"...there wasn't any profit in it, except, perhaps, to give some pleasure and a sense of wonder to a passing child."
These words, uttered by Spike Milligan, sum up the beauty and delight engendered by this wonderful work of art. The tree, actually a hollow oak log, now stands in Kensington Gardens in London. Originally carved by illustrator Ivor Innes in the late 1920s for Lady Fortescue, it was moved from Richmond Park to the current location in 1928.
The 15 foot tall (5 metres) trunk was carved with tiny figures of fairies, gnomes and animals, and it appears as if these fantasy creatures are swarming all around the tree. The seventy painted carvings clamber around the tree in their world of toadstools, popping in and out of crevices and delighting children of all ages. Many of the characters have been named, and doubtless all were delighted when their home was recently (December 1997) given Grade II listed building status, effectively stating that it is an important part of English heritage, to be protected and preserved.
It was not always so. By the 1950s, the tree had fallen into decay and suffered vandalism, and Spike Milligan decided that something should be done. Following a series of letters to the Ministry of Public Buildings and Works, Spike was finally given permission to carry out the required restoration work himself. For two years he worked in his spare time to recreate the Innes magic, and was delighted when it was finally done. More work was needed however, and he spearheaded the campaign and fundraising required for further restoration work in June 1997.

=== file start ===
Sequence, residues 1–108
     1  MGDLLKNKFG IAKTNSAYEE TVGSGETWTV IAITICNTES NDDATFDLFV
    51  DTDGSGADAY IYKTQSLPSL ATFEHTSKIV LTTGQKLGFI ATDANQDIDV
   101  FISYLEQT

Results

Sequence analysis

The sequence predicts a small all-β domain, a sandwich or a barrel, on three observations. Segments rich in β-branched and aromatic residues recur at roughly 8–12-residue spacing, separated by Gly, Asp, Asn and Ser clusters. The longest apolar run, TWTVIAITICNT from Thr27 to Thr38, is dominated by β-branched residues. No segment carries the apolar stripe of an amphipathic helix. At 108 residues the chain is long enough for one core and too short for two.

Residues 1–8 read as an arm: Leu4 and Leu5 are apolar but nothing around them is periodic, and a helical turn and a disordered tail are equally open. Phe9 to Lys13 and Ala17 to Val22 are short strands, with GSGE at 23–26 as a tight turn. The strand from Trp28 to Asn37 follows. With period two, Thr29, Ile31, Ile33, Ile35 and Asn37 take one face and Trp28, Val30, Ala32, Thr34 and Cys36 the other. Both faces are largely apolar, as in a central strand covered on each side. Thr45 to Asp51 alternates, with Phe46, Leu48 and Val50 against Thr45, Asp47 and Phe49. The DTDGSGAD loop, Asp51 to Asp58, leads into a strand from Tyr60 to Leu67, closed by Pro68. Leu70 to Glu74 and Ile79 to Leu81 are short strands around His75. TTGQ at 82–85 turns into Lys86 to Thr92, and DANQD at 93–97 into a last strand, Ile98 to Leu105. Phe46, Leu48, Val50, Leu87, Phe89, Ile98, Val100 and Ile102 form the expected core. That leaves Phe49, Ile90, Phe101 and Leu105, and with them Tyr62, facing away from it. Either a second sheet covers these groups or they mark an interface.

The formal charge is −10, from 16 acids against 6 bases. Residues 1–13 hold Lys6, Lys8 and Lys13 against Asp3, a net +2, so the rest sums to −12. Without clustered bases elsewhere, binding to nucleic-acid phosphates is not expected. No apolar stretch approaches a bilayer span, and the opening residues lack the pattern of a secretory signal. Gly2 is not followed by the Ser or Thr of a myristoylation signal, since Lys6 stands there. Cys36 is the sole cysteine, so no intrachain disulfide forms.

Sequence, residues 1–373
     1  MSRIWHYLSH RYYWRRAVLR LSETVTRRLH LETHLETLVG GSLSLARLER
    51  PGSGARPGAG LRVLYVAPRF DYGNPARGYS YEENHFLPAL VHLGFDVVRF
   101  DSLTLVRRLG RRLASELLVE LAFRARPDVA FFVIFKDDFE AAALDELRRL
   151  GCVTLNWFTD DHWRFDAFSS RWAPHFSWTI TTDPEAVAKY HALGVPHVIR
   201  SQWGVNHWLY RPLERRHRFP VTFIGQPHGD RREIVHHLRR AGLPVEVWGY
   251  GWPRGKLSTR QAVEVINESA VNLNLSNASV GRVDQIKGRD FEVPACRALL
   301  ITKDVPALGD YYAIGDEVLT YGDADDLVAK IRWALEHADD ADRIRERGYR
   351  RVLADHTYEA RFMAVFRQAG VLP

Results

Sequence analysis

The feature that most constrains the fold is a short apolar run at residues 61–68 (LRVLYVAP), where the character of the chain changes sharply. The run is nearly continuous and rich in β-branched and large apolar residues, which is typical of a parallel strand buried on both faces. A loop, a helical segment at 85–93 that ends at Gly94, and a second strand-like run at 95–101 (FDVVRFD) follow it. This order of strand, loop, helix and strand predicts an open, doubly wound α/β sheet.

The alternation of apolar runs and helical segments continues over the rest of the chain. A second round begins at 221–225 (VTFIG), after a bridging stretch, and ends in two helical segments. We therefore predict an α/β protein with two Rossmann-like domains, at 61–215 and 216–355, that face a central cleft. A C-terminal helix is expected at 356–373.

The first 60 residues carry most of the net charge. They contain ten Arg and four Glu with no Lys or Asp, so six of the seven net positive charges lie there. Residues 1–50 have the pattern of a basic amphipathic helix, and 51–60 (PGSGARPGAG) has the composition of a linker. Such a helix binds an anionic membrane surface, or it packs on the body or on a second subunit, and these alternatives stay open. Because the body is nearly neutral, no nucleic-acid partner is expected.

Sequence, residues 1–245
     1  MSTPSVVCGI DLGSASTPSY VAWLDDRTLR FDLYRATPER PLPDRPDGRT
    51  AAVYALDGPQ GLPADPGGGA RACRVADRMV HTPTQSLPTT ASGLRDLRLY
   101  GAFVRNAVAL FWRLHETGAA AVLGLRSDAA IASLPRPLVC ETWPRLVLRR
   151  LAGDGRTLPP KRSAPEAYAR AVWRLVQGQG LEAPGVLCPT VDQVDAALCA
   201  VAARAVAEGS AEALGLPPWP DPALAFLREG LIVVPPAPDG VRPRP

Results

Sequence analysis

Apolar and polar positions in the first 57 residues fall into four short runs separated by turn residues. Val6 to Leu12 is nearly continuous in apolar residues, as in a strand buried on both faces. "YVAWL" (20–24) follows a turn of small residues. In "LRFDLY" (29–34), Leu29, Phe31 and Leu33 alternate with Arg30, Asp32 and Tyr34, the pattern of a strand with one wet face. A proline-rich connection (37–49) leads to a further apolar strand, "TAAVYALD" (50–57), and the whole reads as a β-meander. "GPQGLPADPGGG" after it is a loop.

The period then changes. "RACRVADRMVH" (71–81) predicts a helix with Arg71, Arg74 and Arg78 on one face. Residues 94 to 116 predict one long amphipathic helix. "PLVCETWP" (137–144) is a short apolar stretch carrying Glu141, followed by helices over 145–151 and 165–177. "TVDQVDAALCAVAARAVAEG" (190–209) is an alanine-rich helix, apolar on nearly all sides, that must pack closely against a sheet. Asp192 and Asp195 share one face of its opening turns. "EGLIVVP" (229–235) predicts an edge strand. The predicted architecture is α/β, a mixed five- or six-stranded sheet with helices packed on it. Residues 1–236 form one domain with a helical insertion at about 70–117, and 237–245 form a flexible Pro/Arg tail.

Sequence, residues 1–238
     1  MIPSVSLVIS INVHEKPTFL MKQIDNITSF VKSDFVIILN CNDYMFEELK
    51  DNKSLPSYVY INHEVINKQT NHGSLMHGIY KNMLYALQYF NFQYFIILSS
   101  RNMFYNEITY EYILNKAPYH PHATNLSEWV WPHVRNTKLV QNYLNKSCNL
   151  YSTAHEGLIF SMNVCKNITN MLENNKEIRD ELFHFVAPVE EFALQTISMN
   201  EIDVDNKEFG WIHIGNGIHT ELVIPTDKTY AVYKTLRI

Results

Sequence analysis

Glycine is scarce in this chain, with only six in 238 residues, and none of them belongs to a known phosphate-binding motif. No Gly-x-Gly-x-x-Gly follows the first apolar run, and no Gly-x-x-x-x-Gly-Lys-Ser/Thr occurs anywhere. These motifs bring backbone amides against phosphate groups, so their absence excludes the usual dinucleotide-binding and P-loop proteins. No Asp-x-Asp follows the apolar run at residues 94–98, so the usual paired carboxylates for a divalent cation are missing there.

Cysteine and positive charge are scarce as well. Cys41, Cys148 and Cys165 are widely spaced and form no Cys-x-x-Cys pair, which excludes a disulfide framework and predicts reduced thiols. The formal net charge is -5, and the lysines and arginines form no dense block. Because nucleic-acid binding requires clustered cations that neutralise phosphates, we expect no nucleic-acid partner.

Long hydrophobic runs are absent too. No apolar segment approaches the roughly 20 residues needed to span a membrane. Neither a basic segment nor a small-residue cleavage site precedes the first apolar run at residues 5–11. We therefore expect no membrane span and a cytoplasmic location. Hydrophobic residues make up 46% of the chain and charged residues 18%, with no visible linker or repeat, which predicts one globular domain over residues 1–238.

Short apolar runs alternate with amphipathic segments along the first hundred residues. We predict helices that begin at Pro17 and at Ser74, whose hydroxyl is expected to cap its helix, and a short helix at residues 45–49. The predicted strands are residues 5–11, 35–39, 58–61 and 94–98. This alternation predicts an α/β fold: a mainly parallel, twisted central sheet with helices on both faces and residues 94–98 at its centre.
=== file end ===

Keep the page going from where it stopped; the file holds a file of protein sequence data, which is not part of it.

"The tree depicts the world of the Little People, of Wookey the witch, with her three jars of health, wealth and happiness; of Huckleberry the gnome, carrying a bag of berries up the Gnomes' Stairway to the banquet within Bark Hall, of Grumples and Groodles the Elves being woken up by Brownie, Dinkie, Rumplelocks and Here and There stealing eggs from the crows' nest." (from a press release, December 1997)
I visited the tree in May 2003, and was instantly fascinated by it. Many of the carvings have needed rebuilding (with plaster, I am told), but the figures are indeed delightful, magical. A wonderful and curious piece of work, the Elfin tree has delighted millions of people, both Londoners and visitors. Now protected from vandals and the elements, it still stands near the Black Lion Gate in the Gardens.
Pictures at: http://www.ziplink.net/~donna/england/oak.html
Alfred Draper The Story of the Goons London 1976